Have you seen the commercials for “Big Miracle”? It’s an upcoming movie based off a true story about three whales that become trapped inland due to the rapid formation of ice. It’s up to the people of a nearby small town in Alaska to band together and help lead the whales to the safety of open ocean.
I have mixed feelings about this movie. It has John Krasinski, so that’s a plus. It has a “save the whales” message, which is great. But other than that, the trailer has turned me off. Drew Barrymore’s obnoxious cadence paired with the “distressed” face that accompanies all her lines might have something to do with my distaste. The trailer shows heartwarming scenes that include her diving underwater with the whales, where they gaze into each other’s eyes and share a moment of understanding. In another scene, she pleads with a group of reporters, “They know they’re in trouble. And they’re scared.”
Though I have not seen the movie, I suspect that this line is at the heart of its message. That whales and humans feel the same kind of emotions, and so we need to reach out an understanding hand of compassion to help them. Certainly, we have a duty to help them. These people clearly did the right thing by leading these whales to open water. But it’s important to remember that they are wild animals, and we should help them for that reason. Not because we think they feel “scared.”
An anthropomorphism is when we assign any non-human thing human characteristics. We do it all the time. My sister thinks that her books become sad if she doesn’t read them. I feel, just for an instant, like my phone feels unappreciated every time I drop it. It is simply human to relate to things on our own level. This movie is a prime example.
|I KNOW, I know. How can you resist this face? But you must!|
This really is an issue in such venues as wildlife rehabilitation. People encounter an orphaned baby owl, for example, and feel the need to baby it. They’ll wrap it in blankets, hold it, pet it, hand feed it, etc. Really, they need to present it with food and then scream at it. Or spray it with a water bottle every time they have to handle it. Not to be cruel, but to train the animal to stay away from people. Animals become imprinted when we interact with them more than necessary, and imprints will never be able to function in the wild. It may be greatly satisfying to cuddle a baby owl, it is unethical to the animal and confuses its instincts to flee humans by training them to also depend on us.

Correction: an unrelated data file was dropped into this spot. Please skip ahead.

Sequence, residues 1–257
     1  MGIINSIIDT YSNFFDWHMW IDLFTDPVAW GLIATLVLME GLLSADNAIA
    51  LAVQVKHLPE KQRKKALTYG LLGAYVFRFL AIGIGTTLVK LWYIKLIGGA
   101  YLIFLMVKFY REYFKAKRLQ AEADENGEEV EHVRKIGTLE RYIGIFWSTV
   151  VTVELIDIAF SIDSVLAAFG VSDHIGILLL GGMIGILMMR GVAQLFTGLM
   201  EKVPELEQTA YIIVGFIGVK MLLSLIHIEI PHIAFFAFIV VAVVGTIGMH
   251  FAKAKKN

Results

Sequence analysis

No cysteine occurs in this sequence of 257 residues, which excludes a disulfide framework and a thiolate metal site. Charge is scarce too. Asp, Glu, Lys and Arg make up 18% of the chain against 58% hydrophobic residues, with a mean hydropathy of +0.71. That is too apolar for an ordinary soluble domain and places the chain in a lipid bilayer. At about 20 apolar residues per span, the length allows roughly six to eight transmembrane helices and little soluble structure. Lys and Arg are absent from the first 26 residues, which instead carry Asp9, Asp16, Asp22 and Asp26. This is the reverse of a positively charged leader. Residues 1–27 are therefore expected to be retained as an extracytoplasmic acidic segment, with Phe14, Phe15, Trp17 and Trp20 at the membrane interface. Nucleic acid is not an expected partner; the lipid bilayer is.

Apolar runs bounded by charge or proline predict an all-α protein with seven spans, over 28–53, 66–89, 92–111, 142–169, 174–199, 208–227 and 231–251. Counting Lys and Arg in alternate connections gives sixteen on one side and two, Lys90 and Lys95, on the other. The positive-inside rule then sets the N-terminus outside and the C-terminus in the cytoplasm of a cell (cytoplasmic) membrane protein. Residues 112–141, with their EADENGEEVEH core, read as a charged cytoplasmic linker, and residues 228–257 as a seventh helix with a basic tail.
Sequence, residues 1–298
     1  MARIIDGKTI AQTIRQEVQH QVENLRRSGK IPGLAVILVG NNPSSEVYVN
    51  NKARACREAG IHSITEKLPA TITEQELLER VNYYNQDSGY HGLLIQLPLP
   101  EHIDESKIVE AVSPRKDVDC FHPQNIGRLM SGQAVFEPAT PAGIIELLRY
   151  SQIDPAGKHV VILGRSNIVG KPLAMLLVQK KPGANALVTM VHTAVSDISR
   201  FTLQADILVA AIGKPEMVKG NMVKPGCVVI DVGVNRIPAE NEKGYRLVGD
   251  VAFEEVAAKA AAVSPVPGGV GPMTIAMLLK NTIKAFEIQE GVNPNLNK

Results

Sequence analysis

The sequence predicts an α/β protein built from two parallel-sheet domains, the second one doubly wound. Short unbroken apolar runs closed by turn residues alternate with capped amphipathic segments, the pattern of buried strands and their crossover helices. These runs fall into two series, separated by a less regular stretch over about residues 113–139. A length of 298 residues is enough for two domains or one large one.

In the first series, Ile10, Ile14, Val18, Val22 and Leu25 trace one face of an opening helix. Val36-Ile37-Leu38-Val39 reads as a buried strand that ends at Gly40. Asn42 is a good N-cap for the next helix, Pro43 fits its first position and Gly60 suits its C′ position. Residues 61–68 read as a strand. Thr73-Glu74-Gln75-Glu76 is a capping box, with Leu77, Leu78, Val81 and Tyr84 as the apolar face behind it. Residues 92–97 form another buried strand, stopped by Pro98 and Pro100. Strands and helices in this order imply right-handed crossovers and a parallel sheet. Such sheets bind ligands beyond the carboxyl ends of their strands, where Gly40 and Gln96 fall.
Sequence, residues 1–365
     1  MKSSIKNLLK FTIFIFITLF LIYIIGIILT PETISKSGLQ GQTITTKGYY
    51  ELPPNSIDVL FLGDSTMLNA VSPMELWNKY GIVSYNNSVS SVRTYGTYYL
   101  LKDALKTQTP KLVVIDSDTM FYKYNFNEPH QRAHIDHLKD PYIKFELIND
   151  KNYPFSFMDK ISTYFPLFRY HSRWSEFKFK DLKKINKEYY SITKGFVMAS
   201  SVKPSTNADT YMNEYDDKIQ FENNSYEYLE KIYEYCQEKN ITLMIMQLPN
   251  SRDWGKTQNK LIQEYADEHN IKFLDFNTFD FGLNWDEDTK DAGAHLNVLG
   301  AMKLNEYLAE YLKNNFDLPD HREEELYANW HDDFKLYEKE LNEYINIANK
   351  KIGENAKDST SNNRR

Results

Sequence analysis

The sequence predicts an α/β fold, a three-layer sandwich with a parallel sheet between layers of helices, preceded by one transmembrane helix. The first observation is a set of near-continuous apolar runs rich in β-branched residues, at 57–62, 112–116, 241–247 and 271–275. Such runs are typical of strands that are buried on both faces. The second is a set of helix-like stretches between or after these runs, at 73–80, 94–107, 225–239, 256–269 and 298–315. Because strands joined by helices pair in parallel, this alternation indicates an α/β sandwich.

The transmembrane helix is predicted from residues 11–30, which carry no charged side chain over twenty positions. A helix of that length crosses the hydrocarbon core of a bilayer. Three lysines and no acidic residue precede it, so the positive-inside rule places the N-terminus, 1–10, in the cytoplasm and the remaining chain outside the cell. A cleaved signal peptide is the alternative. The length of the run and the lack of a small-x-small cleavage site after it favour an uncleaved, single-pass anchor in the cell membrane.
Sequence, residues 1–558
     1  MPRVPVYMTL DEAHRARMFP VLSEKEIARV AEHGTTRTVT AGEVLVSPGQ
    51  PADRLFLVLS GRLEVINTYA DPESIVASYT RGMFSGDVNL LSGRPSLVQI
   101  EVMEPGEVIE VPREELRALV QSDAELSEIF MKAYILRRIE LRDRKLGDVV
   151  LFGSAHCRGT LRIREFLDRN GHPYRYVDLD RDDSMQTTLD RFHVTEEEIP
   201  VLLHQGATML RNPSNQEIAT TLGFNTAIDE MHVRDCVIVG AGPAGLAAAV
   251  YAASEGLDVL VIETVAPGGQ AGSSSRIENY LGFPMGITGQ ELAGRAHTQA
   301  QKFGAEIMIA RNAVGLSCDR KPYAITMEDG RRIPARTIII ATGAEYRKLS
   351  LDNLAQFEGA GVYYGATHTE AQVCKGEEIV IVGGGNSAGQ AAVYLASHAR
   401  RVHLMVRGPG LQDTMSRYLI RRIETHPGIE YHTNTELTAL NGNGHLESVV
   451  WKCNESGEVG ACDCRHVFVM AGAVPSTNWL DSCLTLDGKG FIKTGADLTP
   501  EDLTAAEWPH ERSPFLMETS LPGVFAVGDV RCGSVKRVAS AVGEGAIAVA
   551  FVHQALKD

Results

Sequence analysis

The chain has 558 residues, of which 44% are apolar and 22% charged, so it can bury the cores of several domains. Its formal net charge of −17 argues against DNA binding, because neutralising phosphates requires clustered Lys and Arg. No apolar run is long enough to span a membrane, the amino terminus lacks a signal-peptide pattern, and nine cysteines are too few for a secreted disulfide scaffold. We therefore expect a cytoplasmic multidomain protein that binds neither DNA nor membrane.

While I understand that Drew Barrymore getting in a wetsuit and diving under the ice to go face to face with a whale is good cinema, it is no bueno from a zoological viewpoint. I know, I know, no one wants to see a movie about people who try to interact with whales as little as possible. I’m not saying I wouldn’t love to swim with a whale. But maybe we need to resist our anthropomorphic urges and only interact with wildlife as little as we have to. It would be much less fun for us, but so much better for them.
“Big Miracle” comes out February 3rd. If you see it, let me know how you think it handles this issue. It is entirely possible that my irrational dislike of Drew Barrymore has clouded my judgment…